‘“After a lifetime of involvement in America’s conservative movement, I am proud to say that WILL is one of the most successful organizations I’ve been a part of and happy to see it grow and impact public policy.’ Mike Grebe Former Chairman, Bradley Foundation.”

The Badger Institute says of itself,

“The Badger Institute, formerly the Wisconsin Policy Research Institute, is a nonpartisan, not-for-profit institute established in 1987 working to engage and energize Wisconsinites …. The institute’s research and public education activities are directed to identify and promote public policies in Wisconsin that are fair, accountable and cost-effective.”

The Bradley foundation supplies the money, WILL provides the legal work and The Badger Institute lobbies the state. The school privatization ground game in Milwaukee is now run exclusively by PAVE. It has annexed Schools That Can Milwaukee. Borsuk writing in the Journal Sentinel observed,

I referred to Schools That Can Milwaukee in the past tense because it and another long-time Milwaukee education non-profit, known as PAVE, are merging. Plans for the merged organization are expected to be unveiled in coming months. There have been hints that some major players in town want a new approach to encouraging school improvement. Will the new organization be a vehicle for that? Keep an eye on this.”

Some Parting Thoughts

In the Zelman v. Simmons-Harris case, the Supreme Court ruled in a 5-4 decision that vouchers to religious school did not violate the Establishment Clause of the Constitution. This decision re-wrote more than a century worth of precedence and further eroded the separation of church and state. No matter how this case was decided, it is patently un-American to force citizens to send money to religious organizations that they do not support.

Privatizing public education is a horrible idea. Public-schools are the bedrock upon which America’s democracy is built. Now strange conservatives and their fellow traveler in the Democratic party, the neoliberals, are claiming that democratically elected school boards are an anachronism. Know this; if someone is opposing democratic governance, they are proposing totalitarian rule by the wealthy.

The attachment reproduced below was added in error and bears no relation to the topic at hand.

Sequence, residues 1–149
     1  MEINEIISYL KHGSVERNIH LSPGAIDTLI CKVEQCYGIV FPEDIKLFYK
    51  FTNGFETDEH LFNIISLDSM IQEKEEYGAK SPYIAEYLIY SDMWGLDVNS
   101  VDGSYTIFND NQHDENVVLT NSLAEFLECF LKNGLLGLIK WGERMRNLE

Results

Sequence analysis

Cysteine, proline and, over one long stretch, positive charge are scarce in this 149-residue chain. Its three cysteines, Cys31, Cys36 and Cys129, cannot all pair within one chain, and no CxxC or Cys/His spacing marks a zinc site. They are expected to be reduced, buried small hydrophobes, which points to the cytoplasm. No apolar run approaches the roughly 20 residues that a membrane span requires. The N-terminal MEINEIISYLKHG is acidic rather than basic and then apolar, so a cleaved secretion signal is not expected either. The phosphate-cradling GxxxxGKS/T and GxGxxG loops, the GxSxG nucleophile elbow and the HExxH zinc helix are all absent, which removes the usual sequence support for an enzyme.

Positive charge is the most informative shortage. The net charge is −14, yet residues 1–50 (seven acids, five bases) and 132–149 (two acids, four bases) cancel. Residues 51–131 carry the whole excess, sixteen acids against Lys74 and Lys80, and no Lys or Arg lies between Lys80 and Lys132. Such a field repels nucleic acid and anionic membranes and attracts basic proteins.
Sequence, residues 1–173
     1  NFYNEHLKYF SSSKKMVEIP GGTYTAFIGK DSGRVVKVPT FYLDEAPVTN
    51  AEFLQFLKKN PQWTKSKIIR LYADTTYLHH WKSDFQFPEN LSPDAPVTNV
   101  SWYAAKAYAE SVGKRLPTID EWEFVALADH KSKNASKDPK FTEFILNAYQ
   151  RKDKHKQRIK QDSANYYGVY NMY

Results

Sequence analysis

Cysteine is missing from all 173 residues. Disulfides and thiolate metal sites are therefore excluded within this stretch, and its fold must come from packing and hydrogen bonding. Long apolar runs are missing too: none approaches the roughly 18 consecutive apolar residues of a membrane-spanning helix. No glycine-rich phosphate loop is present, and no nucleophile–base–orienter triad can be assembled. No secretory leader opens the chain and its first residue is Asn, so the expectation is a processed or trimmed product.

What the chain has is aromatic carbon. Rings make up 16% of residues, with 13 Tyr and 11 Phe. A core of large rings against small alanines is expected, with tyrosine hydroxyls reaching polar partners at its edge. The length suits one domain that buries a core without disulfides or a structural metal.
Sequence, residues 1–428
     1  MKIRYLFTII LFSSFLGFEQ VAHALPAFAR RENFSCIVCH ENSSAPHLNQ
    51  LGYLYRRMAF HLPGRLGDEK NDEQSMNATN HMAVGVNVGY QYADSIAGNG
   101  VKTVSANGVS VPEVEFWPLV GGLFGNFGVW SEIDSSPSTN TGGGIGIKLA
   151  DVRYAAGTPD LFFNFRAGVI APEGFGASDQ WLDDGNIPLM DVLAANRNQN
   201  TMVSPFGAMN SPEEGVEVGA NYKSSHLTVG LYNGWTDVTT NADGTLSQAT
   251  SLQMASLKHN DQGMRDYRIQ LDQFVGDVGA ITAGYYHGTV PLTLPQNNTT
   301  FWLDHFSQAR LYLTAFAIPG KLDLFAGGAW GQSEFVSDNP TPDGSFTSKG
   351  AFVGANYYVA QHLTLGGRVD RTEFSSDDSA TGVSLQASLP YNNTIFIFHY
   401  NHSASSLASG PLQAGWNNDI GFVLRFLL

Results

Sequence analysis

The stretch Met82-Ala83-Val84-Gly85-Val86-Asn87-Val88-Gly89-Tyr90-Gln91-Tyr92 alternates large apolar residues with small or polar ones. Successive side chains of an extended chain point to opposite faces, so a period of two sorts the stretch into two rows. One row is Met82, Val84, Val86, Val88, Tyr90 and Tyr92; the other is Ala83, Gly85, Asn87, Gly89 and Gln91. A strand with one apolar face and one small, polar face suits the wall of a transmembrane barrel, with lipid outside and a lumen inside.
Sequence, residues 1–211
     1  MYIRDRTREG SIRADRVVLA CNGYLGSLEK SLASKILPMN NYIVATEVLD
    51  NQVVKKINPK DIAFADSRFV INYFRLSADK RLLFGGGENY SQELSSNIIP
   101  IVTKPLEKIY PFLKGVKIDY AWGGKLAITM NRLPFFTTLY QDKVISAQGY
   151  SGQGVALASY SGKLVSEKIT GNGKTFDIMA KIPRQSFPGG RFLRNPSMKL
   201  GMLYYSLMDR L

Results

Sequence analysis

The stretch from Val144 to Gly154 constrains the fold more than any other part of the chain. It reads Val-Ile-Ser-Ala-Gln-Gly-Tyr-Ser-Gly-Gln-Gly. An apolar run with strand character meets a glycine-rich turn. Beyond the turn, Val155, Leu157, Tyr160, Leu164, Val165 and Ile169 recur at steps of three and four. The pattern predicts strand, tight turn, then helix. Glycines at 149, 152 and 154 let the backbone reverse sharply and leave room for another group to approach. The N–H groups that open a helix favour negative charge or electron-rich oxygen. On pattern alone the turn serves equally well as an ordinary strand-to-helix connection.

8 Responses to “End of Public Schools in Milwaukee?”

  1. wgersen July 29, 2018 at 10:24 am #

    Reblogged this on Network Schools – Wayne Gersen and commented:
    A throughly researched analysis of Wisconsin’s decision to embrace vouchers using a playbook that has an eerie similarity to the one being used in my home state, New Hampshire. The analysis also underscores the reality that the Democratic Party, now under the thrall of “reformers”, does not oppose the notion that privatization antithetical to democracy. Indeed, the neo-liberals who control the party believe in market-based solutions almost as much as the GOP.

  2. Charles July 29, 2018 at 10:53 am #

    test

  3. cemab4y July 29, 2018 at 11:01 am #

    Q In the Zelman v. Simmons-Harris case, the Supreme Court ruled in a 5-4 decision that vouchers to religious school did not violate the Establishment Clause of the Constitution. This decision re-wrote more than a century worth of precedence and further eroded the separation of church and state. No matter how this case was decided, it is patently un-American to force citizens to send money to religious organizations that they do not support.